In 1934 Bulgarian born Fritz Zwicky of the California Institute of Technology recogzined that there wasn’t nearly enough visible mass in the universe to hold galaxies together and that there must be some unknown gravitational force –what we now call dark matter (simulation left). It now appears that perhaps as much as 99% of the universe is composed of Fritz Zwicky’s “dark matter.”
In other words, we live in a universe that for the most part we can’t even see. However thanks to Hubble Space Telescope, it looks as though a breakthrough has been made in our understanding of the mystery.
To explain the phenomena more precisely, matter and energy are equivalent and count as “matter” in cosmic bookkeeping. Astronomers estimate with some confidence that dark energy constitutes two-thirds of the mass of the universe, with dark matter making up almost all of the other third, while Earth, planets, stars, and interstellar dust and gas –the “bright matter”- account for less that one percent of the universe by weight.
Almost by accident astronomers using the Hubble Telescope bumped in to a ring of the supposed substance, which was apparently formed after two galaxy clusters collided with each other. Spotted unexpectedly in the galaxy cluster Cl 0024+17 by researchers from Johns Hopkins University and the Space Telescope Science Institute, the clusters lies some 5 billion light-years from Earth, and measures an impressive 2.6 million light-years across.
Dark matter and normal matter were wrenched apart by the tremendous collision of the two clusters of galaxies. Unknown in make up or where it came from, dark matter is thought to provide the universe with the extra gravity that it needs to keep from spinning out of control. The gravity exuded by stars that dwarf our own sun, apparently count for very little in the great scheme of things. The best that scientists can come up with is the belief that dark matter is a simple elementary particle found throughout the cosmos.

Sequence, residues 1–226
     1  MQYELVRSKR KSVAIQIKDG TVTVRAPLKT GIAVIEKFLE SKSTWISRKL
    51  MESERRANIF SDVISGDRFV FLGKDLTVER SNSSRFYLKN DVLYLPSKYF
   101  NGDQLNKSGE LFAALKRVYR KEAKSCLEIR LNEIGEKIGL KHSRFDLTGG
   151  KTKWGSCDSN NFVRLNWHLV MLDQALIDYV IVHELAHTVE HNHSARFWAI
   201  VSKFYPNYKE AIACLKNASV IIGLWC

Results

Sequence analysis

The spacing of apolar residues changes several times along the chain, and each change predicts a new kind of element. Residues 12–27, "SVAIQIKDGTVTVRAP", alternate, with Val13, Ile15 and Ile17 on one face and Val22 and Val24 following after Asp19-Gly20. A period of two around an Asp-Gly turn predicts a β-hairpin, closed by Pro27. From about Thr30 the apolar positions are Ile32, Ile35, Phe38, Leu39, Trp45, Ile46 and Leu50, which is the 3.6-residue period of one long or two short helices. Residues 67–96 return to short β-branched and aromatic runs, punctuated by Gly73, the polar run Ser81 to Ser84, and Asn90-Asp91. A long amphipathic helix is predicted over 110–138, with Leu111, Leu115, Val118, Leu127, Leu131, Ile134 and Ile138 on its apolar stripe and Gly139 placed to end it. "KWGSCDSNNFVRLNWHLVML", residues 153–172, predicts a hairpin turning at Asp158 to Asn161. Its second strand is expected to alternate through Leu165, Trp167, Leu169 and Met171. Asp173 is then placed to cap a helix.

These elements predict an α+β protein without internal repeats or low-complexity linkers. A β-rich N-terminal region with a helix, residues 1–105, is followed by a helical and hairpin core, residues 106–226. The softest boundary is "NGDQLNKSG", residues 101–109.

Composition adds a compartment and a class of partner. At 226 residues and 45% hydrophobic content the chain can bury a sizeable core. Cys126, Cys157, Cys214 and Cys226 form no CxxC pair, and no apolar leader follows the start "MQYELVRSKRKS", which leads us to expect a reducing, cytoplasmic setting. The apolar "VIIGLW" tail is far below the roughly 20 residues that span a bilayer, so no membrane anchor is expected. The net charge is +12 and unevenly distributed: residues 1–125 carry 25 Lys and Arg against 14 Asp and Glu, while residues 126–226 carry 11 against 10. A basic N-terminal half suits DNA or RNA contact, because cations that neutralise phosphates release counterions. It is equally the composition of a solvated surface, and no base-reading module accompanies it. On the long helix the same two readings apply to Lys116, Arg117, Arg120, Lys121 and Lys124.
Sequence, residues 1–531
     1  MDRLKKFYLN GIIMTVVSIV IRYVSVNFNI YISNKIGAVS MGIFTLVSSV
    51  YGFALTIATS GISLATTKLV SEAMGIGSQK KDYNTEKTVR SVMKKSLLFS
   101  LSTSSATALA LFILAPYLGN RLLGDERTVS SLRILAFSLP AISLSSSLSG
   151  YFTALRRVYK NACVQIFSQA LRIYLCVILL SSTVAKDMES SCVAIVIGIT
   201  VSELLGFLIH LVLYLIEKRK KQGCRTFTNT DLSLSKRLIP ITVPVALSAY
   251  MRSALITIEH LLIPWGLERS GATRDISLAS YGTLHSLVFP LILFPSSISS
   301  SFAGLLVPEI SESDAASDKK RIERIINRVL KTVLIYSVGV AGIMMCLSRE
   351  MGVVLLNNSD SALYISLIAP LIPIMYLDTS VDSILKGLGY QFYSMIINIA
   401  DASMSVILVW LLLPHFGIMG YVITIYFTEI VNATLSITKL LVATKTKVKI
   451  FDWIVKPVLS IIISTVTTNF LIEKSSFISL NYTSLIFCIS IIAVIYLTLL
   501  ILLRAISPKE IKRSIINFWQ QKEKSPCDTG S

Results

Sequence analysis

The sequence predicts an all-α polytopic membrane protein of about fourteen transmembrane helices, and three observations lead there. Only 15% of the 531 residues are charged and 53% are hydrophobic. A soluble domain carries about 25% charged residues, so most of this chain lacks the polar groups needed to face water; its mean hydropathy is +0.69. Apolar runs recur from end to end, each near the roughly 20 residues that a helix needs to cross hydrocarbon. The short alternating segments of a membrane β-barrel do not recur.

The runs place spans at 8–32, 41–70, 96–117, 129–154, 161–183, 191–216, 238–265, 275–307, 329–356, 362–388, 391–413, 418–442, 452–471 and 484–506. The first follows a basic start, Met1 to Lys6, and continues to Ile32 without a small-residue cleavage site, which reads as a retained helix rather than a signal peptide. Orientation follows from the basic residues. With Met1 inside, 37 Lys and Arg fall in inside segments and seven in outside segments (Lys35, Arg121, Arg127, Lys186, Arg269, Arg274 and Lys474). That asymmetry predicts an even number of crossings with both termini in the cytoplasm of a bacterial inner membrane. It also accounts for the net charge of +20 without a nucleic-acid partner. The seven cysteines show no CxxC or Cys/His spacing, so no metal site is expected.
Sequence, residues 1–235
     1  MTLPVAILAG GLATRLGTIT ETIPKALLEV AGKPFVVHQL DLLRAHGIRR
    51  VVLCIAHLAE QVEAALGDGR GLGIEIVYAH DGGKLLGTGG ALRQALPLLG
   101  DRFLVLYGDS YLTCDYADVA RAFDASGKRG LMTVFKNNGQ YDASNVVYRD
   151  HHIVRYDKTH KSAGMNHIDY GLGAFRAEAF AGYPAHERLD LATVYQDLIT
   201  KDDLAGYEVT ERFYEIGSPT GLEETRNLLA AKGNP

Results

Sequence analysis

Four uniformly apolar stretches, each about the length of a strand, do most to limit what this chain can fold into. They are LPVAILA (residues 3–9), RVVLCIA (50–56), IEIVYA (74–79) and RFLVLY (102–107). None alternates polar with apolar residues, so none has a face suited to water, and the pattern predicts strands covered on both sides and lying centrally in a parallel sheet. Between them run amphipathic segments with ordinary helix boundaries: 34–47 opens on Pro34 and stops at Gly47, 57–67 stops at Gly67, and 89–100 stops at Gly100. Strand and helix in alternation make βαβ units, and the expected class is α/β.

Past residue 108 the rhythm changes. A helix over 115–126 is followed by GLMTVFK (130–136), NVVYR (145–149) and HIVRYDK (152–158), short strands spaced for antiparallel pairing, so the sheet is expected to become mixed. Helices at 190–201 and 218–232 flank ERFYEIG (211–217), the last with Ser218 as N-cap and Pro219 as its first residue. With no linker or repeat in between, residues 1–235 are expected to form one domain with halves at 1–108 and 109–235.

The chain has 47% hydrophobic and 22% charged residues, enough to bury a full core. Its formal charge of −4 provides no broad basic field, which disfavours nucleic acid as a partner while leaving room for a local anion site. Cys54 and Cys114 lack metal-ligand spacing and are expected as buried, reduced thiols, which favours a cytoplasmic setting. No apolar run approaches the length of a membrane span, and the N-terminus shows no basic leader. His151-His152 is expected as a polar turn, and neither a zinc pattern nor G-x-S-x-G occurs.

If you’re wondering how one finds something that doesn’t – “really” – exist, welcome to the club. It is located by looking at how the space affects the light produced by galaxies and entities behind that space. The dark matter has been detected indirectly by how it bends light, which it does with its gravity.
"It's like looking at the pebbles on the bottom of a pond with ripples on the surface. The pebbles' shapes appear to change as the ripples pass over them," according to Dr MJ Jee of Johns Hopkins.
An international team of scientists has assembled the first three-dimensional map (image above) that offers a look at the web-like large-scale distribution of dark matter in the Universe by analysing the Hubble COSMOS survey (the largest ever survey undertaken with Hubble).
This new map is equivalent to seeing a city, its suburbs and surrounding country roads in daylight for the first time. Major arteries and intersections are revealed and the variety of different neighbourhoods becomes evident.
The map provides the best evidence yet that normal matter, largely in the form of galaxies, accumulates along the densest concentrations of dark matter. The map reveals a loose network of filaments, intersecting in massive structures where clusters of galaxies are located.
Posted by Casey Kazan and Josh Hill.